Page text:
As promised, here is a link to Slide Show from Last Weeks Organizational Meeting of the Task Force. I will update this blog post with more information later this week. Semper Fi - Bill
My hope was that others involved in this legislative annexation request would be forthright in their discussions regarding the outcome of this issue, but unfortunately that has not happened. Therefore, I'm providing the following timeline with documentation regarding the development and outcome of this annexation request. Please click on the links and review the supporting documentation while reviewing the timeline. I do not care for the difficult position that I’ve been placed in with regards to this legislative annexation but always strive to be open and transparent regarding my representation of the people in the Alabama Legislature.
I remain willing to work with interested parties to resolve the conflicts surrounding this issue. There are several paths forward to achieve this annexation request - with and without an alcohol license being issued, but a greater opportunity for public involvement must be a part of the process.
As always, please feel free to contact me should you have further questions.
Semper Fi - Bill
Legislative Annexation Timeline
4 May - HB579, a local bill regarding annexation of property approximately 7 miles outside of the established city limits of Athens passes the Alabama House of Representatives. To say that this bill passed the 105 Members of the House is rather disingenuous; actual vote count? Passed 23-0 with 65 members of the House abstaining. The legislature is not normally involved in the annexation process as property annexation request contiguous to existing city limits only requires a vote of the city council. To my knowledge there is only one other instance of an "island" annexation in Athens/Limestone County - Blacks Landing - and this occurred several years ago. This is the first annexation by legislation request that I've seen in my 7 years of service in office.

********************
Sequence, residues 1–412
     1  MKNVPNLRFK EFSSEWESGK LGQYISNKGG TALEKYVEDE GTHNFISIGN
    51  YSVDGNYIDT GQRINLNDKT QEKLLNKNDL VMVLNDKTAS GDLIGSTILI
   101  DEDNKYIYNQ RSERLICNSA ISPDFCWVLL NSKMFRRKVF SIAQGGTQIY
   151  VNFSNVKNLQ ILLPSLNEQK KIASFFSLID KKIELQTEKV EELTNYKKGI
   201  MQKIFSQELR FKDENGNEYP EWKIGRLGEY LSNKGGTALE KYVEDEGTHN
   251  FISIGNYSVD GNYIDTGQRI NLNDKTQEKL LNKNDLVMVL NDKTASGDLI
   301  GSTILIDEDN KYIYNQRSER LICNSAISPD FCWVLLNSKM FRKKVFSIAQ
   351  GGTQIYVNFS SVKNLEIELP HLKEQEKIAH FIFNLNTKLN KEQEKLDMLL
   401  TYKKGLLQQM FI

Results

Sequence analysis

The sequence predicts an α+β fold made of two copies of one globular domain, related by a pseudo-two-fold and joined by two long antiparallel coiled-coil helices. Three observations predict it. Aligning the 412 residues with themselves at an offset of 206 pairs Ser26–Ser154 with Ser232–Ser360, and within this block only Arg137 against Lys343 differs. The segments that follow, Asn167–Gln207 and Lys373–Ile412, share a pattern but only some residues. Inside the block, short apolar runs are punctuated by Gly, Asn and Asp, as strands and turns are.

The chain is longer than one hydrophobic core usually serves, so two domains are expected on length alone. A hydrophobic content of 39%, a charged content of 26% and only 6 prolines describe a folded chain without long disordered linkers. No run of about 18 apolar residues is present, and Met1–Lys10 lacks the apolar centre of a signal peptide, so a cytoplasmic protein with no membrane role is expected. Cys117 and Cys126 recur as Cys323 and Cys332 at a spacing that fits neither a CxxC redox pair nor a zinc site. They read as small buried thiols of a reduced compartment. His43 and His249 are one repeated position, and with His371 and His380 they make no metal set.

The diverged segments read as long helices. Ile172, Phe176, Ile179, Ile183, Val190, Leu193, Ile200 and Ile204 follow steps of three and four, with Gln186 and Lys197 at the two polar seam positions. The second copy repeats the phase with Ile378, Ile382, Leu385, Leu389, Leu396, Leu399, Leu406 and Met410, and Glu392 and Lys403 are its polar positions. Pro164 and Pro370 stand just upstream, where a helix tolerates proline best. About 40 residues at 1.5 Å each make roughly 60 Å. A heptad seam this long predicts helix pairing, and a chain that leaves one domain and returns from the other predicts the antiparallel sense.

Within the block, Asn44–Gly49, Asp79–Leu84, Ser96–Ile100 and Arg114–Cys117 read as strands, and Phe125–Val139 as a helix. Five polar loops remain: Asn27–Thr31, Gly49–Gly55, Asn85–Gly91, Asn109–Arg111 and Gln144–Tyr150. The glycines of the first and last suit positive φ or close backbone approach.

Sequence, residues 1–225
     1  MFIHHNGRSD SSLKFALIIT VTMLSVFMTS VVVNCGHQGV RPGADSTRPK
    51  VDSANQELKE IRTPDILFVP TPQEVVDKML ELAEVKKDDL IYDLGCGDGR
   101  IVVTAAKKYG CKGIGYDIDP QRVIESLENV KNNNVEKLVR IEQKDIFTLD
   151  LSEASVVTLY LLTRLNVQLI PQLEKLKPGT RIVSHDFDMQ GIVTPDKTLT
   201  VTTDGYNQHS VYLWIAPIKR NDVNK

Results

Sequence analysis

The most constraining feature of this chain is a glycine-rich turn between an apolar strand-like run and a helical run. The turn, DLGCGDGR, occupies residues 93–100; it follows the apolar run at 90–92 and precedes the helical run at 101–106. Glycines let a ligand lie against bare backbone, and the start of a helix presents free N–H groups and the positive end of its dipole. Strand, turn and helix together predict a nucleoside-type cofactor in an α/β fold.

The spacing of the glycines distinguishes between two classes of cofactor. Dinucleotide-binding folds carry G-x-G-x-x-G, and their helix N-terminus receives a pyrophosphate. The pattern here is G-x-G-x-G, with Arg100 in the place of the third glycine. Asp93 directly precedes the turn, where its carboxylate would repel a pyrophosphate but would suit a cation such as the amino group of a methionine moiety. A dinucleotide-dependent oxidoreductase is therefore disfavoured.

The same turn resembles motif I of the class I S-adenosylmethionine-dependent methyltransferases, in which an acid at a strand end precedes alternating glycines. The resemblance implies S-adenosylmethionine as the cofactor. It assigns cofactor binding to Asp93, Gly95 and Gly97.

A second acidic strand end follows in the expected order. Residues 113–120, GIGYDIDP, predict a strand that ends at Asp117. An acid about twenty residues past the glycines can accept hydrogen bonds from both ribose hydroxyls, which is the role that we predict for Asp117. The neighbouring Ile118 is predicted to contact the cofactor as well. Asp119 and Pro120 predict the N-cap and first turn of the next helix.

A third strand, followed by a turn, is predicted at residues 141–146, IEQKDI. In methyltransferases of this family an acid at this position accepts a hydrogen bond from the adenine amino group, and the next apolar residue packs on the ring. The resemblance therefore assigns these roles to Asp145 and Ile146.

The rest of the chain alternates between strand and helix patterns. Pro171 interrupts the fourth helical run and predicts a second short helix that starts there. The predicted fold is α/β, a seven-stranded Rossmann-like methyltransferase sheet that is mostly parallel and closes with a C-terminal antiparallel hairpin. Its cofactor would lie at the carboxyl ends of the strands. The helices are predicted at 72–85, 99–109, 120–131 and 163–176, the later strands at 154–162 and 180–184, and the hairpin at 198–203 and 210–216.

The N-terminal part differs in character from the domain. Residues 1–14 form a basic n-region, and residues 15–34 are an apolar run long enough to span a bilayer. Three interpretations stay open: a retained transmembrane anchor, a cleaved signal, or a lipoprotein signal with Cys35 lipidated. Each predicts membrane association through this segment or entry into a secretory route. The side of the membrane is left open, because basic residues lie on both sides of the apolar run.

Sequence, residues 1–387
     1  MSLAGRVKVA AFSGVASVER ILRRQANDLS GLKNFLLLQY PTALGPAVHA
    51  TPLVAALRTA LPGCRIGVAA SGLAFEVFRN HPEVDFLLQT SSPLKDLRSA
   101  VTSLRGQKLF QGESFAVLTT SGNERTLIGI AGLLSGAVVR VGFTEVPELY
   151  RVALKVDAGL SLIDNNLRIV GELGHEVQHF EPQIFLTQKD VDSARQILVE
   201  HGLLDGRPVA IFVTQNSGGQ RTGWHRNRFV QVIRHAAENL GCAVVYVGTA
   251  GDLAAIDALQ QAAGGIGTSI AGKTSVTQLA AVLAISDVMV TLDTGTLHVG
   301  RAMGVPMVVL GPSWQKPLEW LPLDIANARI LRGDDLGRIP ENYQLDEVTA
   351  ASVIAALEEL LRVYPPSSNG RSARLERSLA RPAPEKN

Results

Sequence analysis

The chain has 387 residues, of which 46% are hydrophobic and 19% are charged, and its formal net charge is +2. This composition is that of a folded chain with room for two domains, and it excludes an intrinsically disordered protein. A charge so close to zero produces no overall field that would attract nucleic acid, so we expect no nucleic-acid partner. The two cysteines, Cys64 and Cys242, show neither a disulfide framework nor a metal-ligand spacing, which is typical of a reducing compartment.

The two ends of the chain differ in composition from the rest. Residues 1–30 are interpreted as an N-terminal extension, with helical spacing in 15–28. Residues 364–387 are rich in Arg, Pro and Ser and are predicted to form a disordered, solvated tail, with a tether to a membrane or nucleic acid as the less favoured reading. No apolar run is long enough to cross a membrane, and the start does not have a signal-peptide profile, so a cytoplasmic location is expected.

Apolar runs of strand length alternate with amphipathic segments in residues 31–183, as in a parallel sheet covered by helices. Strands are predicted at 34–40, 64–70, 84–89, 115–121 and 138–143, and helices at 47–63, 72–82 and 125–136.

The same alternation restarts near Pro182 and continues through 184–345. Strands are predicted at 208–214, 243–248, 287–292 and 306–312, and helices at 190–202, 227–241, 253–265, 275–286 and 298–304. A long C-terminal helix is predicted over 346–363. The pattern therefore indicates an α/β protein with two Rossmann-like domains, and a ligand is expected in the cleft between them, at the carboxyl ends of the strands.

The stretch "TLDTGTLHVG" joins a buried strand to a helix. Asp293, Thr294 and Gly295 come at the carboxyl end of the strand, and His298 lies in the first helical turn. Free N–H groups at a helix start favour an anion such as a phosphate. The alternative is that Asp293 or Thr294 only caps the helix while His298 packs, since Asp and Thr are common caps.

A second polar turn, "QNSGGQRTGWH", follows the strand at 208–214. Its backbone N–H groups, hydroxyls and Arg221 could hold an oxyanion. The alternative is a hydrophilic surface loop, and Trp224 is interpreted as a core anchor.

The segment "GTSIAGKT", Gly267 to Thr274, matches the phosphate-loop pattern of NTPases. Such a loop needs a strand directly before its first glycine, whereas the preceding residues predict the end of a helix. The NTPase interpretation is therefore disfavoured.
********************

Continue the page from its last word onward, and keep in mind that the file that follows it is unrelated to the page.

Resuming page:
8 May - A formal agreement between city and property owner/developer is signed. In the agreement the property owner acknowledges that even though the property would be considered a part of Athens, the city would not be required to provide fire, police, trash services and that the city could de-annex the property at any time.